Wrangler


Authors
hedgemaze
Published
1 year, 8 months ago
Stats
726 2

Izzy chats with his co-workers.

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Author's Notes

This takes place in early 2007.

It wasn't supposed to be pretty. Izzy leaned elbows on the last shopping cart in the stack he'd just finished, gazing off at the soft peach-smeared glow of sunset sinking behind the garbage transfer station. But it was.


Izzy didn't mind his job, actually. Other people might think it wasn't punk, but they could think that. Money was money, and there were worse jobs. He liked it out here, Big Sky Country, clouds stretched wide across the parking lot, drifting calmly between the dilapidated elevated subway bridge and the forever under-reconstruction expressway, a corroded black streak swiping high through the sunset. On the north side of the parking lot, the asphalt tumbled right into the famously and locally-belovedly poisonous Gowanus Canal. If he stood by the loading bay, he could idly watch his "co-workers," as he sometimes thought of them, loud and busy, mixing concrete and pulverizing scrap metal on the other side of the canal. A few times a day, the drawbridge under the expressway would go up, and he'd be treated with the entertainment of watching angry commuters honk while a barge floated inexorably and slowly by.


It wasn't so bad.


But he knew when he'd been reassigned out here to wrangle shopping carts that his boss didn't think it was a reward. Izzy was aware he was the too-wild cat that the owners put outside, but he didn't really mind, anymore. Alley cats had all the freedom in the world.


He had a lot of time to think out here, about songs and his plans for the band and that vacant warehouse right across the canal that a guy he knew had access to. He was pretty sure it would make a great practice space if he could swing it for the band.


It could be lonely out here when business was slow, but the schedule was predictable. There would always be the rush of stressed after-school moms with Baby on Board stickers and too many kids with not enough dads. In the mornings there would be his favorite customers, the elderly, and he would always make sure to hurry, long-legged, over to help them with their carts and even their groceries, if they wanted him to.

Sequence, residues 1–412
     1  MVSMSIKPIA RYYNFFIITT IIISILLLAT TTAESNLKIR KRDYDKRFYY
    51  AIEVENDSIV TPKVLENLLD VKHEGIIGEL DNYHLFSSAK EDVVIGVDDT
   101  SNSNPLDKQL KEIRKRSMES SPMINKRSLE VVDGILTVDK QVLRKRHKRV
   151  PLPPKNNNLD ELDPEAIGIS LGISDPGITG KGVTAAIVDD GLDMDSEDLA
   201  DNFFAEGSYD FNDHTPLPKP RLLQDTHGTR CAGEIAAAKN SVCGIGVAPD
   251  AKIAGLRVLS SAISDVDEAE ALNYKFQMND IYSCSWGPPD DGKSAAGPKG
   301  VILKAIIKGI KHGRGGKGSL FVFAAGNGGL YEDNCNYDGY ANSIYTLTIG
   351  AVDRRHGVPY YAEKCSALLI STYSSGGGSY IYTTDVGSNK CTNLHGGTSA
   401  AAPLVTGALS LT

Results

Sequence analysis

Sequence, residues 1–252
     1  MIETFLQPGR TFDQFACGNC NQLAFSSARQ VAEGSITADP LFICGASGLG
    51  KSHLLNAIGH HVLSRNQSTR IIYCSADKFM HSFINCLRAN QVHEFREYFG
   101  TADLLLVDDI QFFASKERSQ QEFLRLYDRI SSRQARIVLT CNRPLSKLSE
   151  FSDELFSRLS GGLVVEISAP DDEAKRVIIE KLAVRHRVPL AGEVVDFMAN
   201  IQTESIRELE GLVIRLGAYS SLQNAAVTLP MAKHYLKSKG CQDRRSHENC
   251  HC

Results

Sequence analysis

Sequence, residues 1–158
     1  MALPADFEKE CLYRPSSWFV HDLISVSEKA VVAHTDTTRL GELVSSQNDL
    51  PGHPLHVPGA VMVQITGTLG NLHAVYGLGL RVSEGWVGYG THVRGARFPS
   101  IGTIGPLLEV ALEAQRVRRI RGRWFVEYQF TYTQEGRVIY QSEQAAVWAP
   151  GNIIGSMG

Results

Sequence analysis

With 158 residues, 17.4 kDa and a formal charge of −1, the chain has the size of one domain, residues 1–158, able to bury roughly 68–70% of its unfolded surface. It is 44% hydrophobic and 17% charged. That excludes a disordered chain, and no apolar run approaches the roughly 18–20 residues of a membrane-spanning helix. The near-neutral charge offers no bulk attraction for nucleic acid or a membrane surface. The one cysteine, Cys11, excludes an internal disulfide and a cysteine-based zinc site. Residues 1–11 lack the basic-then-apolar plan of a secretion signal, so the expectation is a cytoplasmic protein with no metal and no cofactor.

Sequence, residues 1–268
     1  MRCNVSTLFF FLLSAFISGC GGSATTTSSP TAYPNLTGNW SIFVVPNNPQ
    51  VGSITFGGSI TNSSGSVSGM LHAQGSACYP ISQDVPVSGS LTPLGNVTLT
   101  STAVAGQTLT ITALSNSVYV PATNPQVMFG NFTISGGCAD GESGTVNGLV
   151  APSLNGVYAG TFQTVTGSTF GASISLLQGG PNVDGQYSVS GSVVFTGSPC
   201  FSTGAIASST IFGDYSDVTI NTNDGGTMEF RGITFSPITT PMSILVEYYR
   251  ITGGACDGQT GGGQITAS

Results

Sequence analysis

Sometimes they even tipped him and fondly told him he reminded them of their grown kids. Sometimes they spat and told him that they didn't need their things touched by a dirty... he didn't need to waste his thoughts on those people.


But everyone needed groceries.


Izzy always knew when paychecks came in, and the days food stamp benefits were issued were always the busiest of the month. And he understood that, even when people were rude.


He wasn't good with customers inside the store, and not with his co-workers, either; he was too short-tempered to be stuck with them all day, especially when half his co-workers seemed to live for petty drama alone. But out here he could handle.


As companions, Izzy had the thick multicolored flocks of pigeons who congregated in the parking lot, and sometimes a stray cat or two that he'd sneak cans of the supermarket's finest No Frills cat food that he could afford to behind the loading bay, but he especially liked the seagulls. They wheeled overhead of the parking lot all day, catching the wind off the bay and sailing impossibly like kites, white floating freedom high in the sky.


And when they came back down, they were angry screaming punks slam-dancing over the pieces of crab shells they'd dropped from the sky. It was relatable.


The store would probably want him back in the loading area to do something or other soon, but nobody had come looking for him yet, so Izzy climbed onto the side of a cart corral, fishing a packet of vending-machine pretzels out of the hoodie pocket under his reflective vest and crumbling them in an arc around him. As the birds hurried towards him, he leaned back on his gloved hands, looking down proudly at his faithful audience.


"Last time I was telling you all about the Ramones," he began. "And previously I've told you the stories of a lot of other punk greats." He gave the gulls a significant look, dragging out a pause for anticipation. "But now I think you're ready to hear about New York's newest and greatest punk band..."

Author's Notes

RIP Pathmark. The (rare in Brooklyn these days: affordable) supermarket this is based on is gone now: the store got flooded in Hurricane Sandy in 2012 and was fully rebuilt, only for the chain to go out of business in 2015. Now I think they use the parking lot for used cars or something like that, and I'm sure someday, like everything else around here, the building will be torn down for whoever wants to buy luxury condos next to a Superfund site.

I always thought the area was beautiful in its own way, though, and so does Izzy.